Staying safe at the gas pump

Did you know that, though rare, re-entering your car at the pump can cause extreme personal and property damage?

To avoid spills, leave the nozzle in the tank opening for a few seconds after pumping gasoline to avoid drips when you remove it.

It’s a brisk early winter morning as you pull up to the gas pump. You remove the nozzle, click the hold-open clip into position and seek refuge in your warm car as the tank fills.

Did you know that, though rare, re-entering your car at the pump can cause extreme personal and property damage?  

That’s because a person who slides across the seat in their vehicle can build thousands of volts of static charge (think of the same static shock you sometimes get dragging your feet across the carpet). Usually, any charge acquired inside the vehicle is harmlessly discharged through the person’s shoes or by touching a metal object, but sometimes – that static electricity jumps from hand to nozzle, turning harmless vapors into a fiery burst, like the one seen in this video posted by the Petroleum Equipment Institute (PEI):


PEI studied this phenomenon in the 1990s after a number of mysterious pump fires were reported. Few formal investigations can be found on the issue – though almost 200 people have reported to the PEI being involved in a refueling fire.

In the very chilly winters of Massachusetts, these fires actually sparked the government to get involved. For decades, gas pump nozzles existed without the little clip that locks the trigger into place, forcing residents to manually pump in the freezing cold. In one Boston Globe article, gas station owner John Coyle said he’d seen desperate Bay Staters prop the nozzle open with everything from tennis balls and oranges to squeegees and shoes. In 2015, the state finally gave in and repealed the ban.

To combat the risk of these gas pump fires, the National Fire Protection Association (NFPA) simply urges that “if you must get into the vehicle during refueling, discharge any static electricity by touching metal on the outside of the vehicle, away from the filling point, before removing the nozzle from your vehicle.”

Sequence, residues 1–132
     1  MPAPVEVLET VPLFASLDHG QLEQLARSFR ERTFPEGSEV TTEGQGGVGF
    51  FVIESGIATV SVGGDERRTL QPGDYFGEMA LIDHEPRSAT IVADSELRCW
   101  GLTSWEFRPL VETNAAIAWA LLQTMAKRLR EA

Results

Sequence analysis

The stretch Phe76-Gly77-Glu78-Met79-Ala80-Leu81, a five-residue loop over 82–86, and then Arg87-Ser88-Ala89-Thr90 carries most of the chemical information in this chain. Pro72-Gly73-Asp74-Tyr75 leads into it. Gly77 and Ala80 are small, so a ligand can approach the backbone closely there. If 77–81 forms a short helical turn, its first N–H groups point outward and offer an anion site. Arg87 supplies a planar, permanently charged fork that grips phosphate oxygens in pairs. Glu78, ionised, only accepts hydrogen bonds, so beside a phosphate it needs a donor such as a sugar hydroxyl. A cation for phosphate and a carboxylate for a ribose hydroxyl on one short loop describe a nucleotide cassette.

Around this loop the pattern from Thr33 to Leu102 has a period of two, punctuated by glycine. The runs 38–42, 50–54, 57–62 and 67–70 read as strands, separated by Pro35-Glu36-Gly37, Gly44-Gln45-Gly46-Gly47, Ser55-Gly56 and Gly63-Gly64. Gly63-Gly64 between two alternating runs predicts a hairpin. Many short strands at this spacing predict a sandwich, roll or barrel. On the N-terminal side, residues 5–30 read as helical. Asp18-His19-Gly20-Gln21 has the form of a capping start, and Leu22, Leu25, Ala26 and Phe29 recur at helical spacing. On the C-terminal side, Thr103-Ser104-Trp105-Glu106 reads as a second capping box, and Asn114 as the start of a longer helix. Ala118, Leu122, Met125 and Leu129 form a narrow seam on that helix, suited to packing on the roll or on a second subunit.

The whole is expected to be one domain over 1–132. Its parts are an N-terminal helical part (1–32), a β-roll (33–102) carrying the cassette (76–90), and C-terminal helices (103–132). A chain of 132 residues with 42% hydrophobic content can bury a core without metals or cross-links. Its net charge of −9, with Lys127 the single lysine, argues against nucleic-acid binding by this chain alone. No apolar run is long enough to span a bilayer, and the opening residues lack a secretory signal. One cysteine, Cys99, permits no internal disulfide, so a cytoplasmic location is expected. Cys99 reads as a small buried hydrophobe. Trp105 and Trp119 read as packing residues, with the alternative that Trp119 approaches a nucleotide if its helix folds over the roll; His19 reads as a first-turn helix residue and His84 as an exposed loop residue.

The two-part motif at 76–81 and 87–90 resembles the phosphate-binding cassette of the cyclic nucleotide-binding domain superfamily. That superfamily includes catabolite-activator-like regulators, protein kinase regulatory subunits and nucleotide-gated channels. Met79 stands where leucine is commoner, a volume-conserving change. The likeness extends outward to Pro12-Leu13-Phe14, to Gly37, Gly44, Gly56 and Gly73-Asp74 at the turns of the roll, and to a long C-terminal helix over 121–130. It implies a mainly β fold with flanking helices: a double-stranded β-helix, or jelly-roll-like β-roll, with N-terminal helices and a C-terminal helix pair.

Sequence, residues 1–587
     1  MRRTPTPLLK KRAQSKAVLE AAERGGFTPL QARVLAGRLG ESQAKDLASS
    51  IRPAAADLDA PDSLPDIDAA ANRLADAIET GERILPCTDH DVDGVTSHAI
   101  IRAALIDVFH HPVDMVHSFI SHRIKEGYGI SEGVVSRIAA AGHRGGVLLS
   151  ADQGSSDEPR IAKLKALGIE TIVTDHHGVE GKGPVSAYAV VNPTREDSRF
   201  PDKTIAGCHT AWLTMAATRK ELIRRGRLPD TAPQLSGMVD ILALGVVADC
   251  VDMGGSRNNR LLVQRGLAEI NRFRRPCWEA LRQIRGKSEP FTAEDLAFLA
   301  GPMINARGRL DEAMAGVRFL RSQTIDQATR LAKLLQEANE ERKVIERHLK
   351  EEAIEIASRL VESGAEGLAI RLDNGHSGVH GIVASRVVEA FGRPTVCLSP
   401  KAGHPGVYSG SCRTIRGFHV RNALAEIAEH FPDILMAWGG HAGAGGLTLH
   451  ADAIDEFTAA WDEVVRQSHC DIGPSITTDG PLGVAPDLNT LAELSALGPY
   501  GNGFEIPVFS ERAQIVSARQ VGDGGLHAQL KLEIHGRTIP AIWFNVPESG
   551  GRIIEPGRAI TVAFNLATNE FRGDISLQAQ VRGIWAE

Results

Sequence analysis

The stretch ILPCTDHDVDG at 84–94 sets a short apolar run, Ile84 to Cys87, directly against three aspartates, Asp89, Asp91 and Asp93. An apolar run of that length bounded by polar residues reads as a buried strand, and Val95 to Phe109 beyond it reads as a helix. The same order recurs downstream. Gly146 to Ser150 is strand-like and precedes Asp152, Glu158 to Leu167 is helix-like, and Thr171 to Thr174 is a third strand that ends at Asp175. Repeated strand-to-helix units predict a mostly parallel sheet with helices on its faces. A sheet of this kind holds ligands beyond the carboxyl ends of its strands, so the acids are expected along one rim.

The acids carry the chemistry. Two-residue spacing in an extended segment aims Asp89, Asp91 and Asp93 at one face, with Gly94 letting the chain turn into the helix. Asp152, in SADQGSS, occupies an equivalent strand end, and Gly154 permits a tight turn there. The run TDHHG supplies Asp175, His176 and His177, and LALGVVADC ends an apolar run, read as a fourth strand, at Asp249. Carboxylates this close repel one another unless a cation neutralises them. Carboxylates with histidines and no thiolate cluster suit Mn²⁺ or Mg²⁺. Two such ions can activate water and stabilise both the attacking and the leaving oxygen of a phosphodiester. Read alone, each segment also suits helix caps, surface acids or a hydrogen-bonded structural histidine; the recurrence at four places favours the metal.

The NFPA offers these additional tips for service station safety:

  • Always turn off your vehicle's engine when refueling.
  • Keep gasoline and other fuels out of children's sight and reach. Never allow a child to pump gas.
  • Don't smoke, light matches or use lighters while refueling.
  • Do not top off or overfill your vehicle, which can cause spills.
  • After pumping gasoline, leave the nozzle in the tank opening for a few seconds to avoid drips when you remove it.
  • If a fire starts while you're refueling, don't remove the nozzle from the vehicle or try to stop the flow of gasoline. Leave the area and call for help immediately.

When filling a portable container:

  • Use only approved portable containers for transporting or storing gasoline.
  • Place the container on the ground before filling. Fires caused by static charges have occurred when people filled portable containers in the back of pick-up trucks, particularly those with plastic bed liners.
  • Keep the nozzle in direct contact with the container. Fill it only about 95 percent full to leave room for expansion.

>> We want you to be safe out there on the road… but accidents still happen. At Kentucky Farm Bureau, we’ve got agents in all 120 counties. Click to find one near you.